1990: Bizarre Heroes

Bizarre Heroes (1990) #1 by Don Simpson

Simpson’s Megaton Man had had a good run at Kitchen Sink in the 80s, but the 90s were more difficult time to launch quirky books. Kitchen Sink bravely attempted to keep going, launching quite a few series… but they all fizzled after an issue or two, presumably from low sales.

Bizarre Heroes seems very much like a post-Watchman book — it seems to be setting up a “lost manuscript” sort of situation and stuff.

With a narrator that may or may not be reliable and stuff. Very much on point.

Wow, that’s an odd fight scene. It’s fortunate that that big guy hoisted him by his ankles that way… as one does…

But, no, it soon turns out to be a very un-meta book — after the flourishes in the opening pages, we settle down to a bog-standard journalist-on-the-trail-of-a-mystery kind of thing.

The book’s tone is all over the place. Most of the pages seem to play the drama straight, while other scenes seem clearly meant to be parodies. But what to make of things like the above? Her expressions are over the top, and the angles are super dramatic, but it’s not actually funny?

While this is clearly played for yuks, but… isn’t actually funny?

Still, I rather liked the issue, and would have been perfectly happy to keep reading to see where all this was going. Simpsons continued the series for more than a dozen issues over two series four years later, but I haven’t read them.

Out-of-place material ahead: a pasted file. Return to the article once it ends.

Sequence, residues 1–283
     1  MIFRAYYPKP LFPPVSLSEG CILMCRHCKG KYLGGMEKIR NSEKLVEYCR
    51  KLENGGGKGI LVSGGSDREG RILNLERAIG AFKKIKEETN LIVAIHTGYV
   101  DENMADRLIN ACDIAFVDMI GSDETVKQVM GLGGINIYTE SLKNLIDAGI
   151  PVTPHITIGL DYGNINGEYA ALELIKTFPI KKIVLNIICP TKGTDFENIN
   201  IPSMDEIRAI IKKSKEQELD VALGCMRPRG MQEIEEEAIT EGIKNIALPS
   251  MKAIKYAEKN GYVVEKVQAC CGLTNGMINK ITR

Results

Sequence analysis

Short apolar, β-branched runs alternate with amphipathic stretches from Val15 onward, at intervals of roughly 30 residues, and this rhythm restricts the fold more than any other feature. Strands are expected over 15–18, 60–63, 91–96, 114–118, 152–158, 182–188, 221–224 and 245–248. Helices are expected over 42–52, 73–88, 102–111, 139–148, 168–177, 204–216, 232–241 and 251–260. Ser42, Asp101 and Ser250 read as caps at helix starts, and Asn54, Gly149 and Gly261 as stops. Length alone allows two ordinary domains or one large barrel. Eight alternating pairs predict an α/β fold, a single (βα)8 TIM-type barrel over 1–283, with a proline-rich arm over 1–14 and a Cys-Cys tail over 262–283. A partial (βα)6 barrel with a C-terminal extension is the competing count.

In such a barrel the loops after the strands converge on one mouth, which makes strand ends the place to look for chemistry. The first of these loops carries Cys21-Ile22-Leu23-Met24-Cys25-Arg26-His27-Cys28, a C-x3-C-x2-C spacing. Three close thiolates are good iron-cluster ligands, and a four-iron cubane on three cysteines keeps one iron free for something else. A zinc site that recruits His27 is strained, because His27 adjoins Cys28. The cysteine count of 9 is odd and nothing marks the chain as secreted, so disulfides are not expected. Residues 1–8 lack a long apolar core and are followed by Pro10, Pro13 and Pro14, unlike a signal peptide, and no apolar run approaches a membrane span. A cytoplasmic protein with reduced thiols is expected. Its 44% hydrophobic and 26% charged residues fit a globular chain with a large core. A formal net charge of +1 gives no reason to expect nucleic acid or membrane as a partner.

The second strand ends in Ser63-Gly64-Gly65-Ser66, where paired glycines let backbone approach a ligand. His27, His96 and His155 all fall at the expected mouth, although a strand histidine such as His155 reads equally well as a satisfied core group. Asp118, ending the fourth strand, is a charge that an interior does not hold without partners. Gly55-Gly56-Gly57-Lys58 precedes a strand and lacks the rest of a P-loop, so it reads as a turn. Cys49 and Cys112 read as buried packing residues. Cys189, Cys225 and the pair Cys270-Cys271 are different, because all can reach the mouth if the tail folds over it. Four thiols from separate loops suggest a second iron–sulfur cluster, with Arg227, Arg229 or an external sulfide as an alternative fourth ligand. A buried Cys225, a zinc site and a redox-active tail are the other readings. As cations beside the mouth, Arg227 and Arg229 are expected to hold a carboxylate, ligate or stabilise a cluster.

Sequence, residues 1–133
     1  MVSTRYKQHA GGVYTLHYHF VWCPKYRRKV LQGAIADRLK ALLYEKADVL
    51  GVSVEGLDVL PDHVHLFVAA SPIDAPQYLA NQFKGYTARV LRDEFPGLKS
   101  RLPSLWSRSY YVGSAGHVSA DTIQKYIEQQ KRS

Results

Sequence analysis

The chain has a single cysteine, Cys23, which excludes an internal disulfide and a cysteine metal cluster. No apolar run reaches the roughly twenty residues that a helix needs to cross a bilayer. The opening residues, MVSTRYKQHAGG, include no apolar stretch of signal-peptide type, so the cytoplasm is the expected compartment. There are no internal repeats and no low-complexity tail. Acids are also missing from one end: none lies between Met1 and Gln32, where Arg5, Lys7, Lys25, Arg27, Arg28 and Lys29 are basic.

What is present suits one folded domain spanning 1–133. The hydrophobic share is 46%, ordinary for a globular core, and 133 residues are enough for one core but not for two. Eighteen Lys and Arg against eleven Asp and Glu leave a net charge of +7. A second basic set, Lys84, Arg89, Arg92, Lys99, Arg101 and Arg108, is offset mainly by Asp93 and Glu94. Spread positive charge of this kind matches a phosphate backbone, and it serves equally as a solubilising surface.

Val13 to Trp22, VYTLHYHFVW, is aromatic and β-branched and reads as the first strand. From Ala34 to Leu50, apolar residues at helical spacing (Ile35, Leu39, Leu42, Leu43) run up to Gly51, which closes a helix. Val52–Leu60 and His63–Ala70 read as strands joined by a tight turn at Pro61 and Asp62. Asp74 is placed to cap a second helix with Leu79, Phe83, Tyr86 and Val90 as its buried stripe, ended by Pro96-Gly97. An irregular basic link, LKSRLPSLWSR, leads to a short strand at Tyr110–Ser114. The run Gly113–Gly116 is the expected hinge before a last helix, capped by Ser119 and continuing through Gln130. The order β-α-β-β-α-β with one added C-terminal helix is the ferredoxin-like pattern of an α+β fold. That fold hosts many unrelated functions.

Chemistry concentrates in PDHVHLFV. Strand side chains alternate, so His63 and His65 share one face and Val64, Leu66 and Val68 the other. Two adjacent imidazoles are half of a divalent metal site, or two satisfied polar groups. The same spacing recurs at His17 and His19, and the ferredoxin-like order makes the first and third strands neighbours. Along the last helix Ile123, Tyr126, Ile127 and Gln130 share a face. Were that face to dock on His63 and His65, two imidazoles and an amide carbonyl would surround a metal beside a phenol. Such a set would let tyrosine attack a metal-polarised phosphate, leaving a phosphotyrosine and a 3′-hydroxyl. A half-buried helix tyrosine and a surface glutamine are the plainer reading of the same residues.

Darwin McPherson writes in Amazing Heroes #181, page 80:

Kitchen Sink is promoting Bizarre
Heroes as their first “semi-legitimate
super-hero book.” It may seem an odd
course for one• of the leading alter-
native publishers to take, but when
you consider it’s Donald Simpson in
the driver’s seat, it makes a little more
sense.
Yet I’m afraid Bizarre Heroes is
exactly what they claim—it’s just
another pseudo-scientific action yarn.
The story was average but interesting.
The plot of scientifically engineering
a better breed of human and using
them to replace regular people was
nicely handled with a satirical under-
current that pokes fun at New Age
science and tabloid newspapers,
among other subjects.
The reporter who discovers the
conspiracy (and has a superior clone
of himself) serves as narrator and as
an outlet for Simpson’s humorous
side. He’s a typical white bread good
guy who shoots enough wisecracks to
keep the atmosphere light despite
the ominous occurrences in his life.
Though he lacks super-powers, he’s
the real hero.
Bizarre Heroes was a fun read; not
spectacular but worth the time. How-
ever, it wasn’t worth the price. $2.50
for 30 pages of unresolved story is a
bit much, especially considering that
there’s no indication when (or if) it’ll
be concluded. You could pick up all
the issues of the “Dark Knight Over
Metropolis” storyline running in the
Superman titles and still have a quarter
left over.
Being in black-and-white doesn’t
give Bizarre Heroes an artistic edge,
either. In fact, it hurts the book con-
sidering the bland, indistinct costumes
the “bizarre heroes” wear. Aside from
a few patches of zip-a-tone, this could
be a coloring book.
If you can afford it, Bizarre Heroes
will give you a decent story, if nothing
else. But keep in mind that for $2.50,
you can get at least two decent semi-
legitimate super-hero stories and some
really nice art elsewhere.
GRADE: ! ! 1/2

Comic book fans are such cheapskates.

This is the one hundred and twenty-first post in the Entire Kitchen Sink blog series.

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